Department of Sardonic Understatement
In an excellent piece about the judicious pace the Don’t Ask, Don’t Tell repeal is taking, Capt. Adrian Bonenberger writes:
The vocal minority asked whether soldiers could be compelled to serve alongside people whose lifestyles they believed were immoral. They felt that the terms of their commitment to the Army had been changed — that they would not have joined if they had known they might be serving alongside gays. There was also a great deal of concern about the decision not to make separate showers or living quarters. This group did not sympathize with the logic behind the repeal. I was careful to emphasize that being angry about something outside one’s control is not fruitful, and, instead, encouraged reluctant or resistant soldiers to view the change as beneficial for the country in the same tradition as desegregation or empowering women. Frank discussions of post-enlightenment social momentum, and the importance of sympathy and humanism bore limited fruit. [emphasis added]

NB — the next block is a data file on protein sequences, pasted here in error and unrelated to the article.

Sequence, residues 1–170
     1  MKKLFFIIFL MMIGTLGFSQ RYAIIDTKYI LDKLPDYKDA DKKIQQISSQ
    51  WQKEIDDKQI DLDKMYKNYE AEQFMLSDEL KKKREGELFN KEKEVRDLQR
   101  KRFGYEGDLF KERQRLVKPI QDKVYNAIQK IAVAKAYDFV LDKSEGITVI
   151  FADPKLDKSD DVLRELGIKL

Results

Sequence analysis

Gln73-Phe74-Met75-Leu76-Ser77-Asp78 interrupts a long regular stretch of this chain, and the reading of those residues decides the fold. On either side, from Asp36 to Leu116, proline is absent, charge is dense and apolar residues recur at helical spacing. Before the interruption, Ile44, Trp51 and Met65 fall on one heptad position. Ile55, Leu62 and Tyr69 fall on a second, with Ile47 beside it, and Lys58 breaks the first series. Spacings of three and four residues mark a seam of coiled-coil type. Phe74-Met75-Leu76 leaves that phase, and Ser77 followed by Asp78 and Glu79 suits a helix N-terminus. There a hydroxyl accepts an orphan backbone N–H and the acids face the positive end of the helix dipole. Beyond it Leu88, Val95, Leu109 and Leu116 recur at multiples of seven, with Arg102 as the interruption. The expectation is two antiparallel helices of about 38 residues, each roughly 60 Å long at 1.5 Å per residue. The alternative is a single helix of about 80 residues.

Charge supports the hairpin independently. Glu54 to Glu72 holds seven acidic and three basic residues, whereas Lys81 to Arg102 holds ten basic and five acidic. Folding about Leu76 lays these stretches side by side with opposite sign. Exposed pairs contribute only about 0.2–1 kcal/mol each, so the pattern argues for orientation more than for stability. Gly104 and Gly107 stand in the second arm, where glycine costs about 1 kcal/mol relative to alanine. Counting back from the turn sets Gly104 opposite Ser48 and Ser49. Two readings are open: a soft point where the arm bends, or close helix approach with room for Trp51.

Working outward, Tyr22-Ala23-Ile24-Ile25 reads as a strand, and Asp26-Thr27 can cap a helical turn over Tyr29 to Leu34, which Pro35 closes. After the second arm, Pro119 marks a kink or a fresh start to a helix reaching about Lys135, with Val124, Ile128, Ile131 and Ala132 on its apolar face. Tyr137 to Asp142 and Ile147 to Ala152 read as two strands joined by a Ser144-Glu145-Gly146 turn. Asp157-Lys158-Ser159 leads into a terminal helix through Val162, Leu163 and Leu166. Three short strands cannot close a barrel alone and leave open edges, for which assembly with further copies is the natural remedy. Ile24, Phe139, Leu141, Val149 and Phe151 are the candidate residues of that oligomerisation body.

Yes, I imagine the fruit was limited indeed. One can only imagine how those “frank discussions” played out in real time.